During the previous Parliament, a couple of Select Committee reports were published on this subject, and that work should not be lost. The new Government must respond to those reports, and either make it clear that they cannot afford any further financial support for carers, or give some indication that they may be willing to consider recalibrating the benefit and financial system in support of carers.
In 2008, the Work and Pensions Committee recommended an overhaul of the benefits system. A report entitled, "Valuing and supporting carers", which was the fourth report of the 2007-08 Session, recommended a new two-tier support system with a carer support allowance paid at the same rate as jobseeker's allowance and a caring cost payment that would be available to all carers in intensive caring roles, similar to child benefit and set at between £25 and £50. That element would be available to some carers who were unable to claim the
first element, including those carers in receipt of a state pension. The Committee also recommended that the Department for Work and Pensions commission an urgent examination into introducing a taper to the carer's allowance earnings limit and lifting the 21-hour study rule.
Like so many Select Committee reports in the last Parliament, that report got lost in a review-I do not wish to criticise; it is just a fact, a process. The then Government said that they were introducing the carers strategy and would take the report on board and think about it, but I cannot recall anything coming out at the other end on what they thought about the Committee's recommendations.
Last year, the Public Accounts Committee published a report on "Supporting Carers to Care", which criticised the confusing and complex processes and poor communication involved in the support that carers received from the Department for Work and Pensions, including benefits and employment support-that point was made tellingly in a good contribution by my hon. Friend the Member for Blackpool North and Cleveleys (Paul Maynard). The Committee found that one fifth of carers who received benefits struggled with the application process, which is not surprising if no one helps them to fill in the forms. It found that the complexity of the system discouraged applications, and that Jobcentre Plus advisers were not given enough incentive to help carers to find part-time work. I am not sure that we ever had a response from the last Government to the Public Accounts Committee's report.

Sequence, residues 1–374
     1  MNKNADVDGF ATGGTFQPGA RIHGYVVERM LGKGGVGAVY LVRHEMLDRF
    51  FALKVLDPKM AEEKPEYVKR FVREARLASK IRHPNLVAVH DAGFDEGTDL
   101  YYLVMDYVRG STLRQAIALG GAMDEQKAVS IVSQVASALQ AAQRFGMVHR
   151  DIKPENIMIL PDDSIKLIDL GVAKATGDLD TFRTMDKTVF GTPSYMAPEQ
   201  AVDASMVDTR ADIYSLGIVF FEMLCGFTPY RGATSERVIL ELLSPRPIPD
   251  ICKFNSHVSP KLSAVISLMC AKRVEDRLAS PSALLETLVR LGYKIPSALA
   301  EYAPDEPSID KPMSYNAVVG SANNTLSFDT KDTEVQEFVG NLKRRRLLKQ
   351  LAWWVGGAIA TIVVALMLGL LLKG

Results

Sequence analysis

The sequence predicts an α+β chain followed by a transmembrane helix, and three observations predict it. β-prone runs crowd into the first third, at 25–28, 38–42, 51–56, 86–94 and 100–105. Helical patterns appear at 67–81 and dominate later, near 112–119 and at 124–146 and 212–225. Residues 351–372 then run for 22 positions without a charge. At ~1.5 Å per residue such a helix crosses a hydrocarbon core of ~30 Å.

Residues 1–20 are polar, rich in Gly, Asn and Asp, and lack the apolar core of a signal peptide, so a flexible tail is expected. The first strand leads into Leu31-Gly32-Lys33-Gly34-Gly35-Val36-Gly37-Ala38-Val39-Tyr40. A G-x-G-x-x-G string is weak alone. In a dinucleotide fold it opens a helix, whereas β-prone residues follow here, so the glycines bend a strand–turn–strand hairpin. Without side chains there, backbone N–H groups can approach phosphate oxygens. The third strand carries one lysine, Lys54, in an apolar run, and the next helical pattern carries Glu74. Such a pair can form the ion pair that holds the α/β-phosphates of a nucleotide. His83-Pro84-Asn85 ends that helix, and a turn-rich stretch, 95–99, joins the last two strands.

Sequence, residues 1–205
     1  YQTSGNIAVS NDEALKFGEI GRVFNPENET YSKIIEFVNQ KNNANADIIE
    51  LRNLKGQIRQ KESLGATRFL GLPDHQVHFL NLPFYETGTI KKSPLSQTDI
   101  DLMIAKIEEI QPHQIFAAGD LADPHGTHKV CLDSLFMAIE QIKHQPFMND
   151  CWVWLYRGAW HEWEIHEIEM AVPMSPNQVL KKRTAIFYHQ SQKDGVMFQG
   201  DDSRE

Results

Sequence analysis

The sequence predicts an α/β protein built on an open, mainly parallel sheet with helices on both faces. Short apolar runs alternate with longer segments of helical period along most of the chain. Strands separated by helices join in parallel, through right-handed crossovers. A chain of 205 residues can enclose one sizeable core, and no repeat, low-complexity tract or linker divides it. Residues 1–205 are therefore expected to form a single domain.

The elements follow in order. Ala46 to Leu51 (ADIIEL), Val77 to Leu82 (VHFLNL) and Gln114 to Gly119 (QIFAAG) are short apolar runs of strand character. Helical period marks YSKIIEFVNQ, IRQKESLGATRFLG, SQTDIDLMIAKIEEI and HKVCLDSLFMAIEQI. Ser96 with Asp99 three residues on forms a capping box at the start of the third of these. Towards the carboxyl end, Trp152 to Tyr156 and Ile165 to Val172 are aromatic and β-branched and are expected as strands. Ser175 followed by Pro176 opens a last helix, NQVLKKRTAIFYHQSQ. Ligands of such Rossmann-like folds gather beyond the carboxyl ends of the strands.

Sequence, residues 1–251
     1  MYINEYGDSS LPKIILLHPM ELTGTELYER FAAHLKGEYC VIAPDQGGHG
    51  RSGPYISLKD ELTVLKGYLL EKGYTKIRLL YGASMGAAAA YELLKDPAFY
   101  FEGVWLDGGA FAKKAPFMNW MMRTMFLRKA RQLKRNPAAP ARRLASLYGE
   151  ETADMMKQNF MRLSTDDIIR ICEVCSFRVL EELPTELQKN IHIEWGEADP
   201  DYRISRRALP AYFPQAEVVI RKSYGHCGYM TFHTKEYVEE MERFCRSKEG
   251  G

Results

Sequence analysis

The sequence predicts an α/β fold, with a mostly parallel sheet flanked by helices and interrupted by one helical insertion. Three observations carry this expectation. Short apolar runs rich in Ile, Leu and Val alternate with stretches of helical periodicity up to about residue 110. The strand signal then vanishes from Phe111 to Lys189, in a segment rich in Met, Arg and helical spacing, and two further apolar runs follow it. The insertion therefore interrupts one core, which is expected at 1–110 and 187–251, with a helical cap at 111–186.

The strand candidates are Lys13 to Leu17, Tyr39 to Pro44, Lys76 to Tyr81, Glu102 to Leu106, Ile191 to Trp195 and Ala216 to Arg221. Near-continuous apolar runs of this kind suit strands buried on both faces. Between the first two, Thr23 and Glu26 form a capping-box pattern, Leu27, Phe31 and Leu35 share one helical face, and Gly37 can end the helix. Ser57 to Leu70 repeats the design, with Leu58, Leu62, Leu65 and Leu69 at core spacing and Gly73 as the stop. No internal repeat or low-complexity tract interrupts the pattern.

It would be helpful if, early in the life of the present Government, we had an indication of how Ministers collectively see the opportunities for supporting carers financially. Of course, everyone recognises that that is set against a background of very difficult financial constraints and circumstances. That is a given. It should not be necessary, every time that one makes a speech now, to explain that we are the country with the largest amount of debt in the world, due to circumstances. However, it would be helpful, with a view to taking forward policy on carers, if we had an understanding of how the Government see the ability to give carers further support. I am referring to support that is valuable not only in financial terms, but because it makes carers feel that they are being recognised by the wider community for the work that they do and the role that they play.
My hon. Friend the Member for Totnes rightly raised the issue of young carers and my hon. Friend the Member for Blackpool North and Cleveleys raised the issue of young carers being bullied. I am always at a loss to understand why, in the 21st century, schools, the education system and all the people involved are not capable of being more supportive of young carers. That goes back to the point about identifying carers. Young carers deserve to be identified just as much as any other carer. One would hope that the education system and schools were capable of recognising young carers, that social services, GPs and others would try to ensure that schools knew who the young carers were and that schools would give young carers support. Often, they deserve double the support for the tasks that they are undertaking.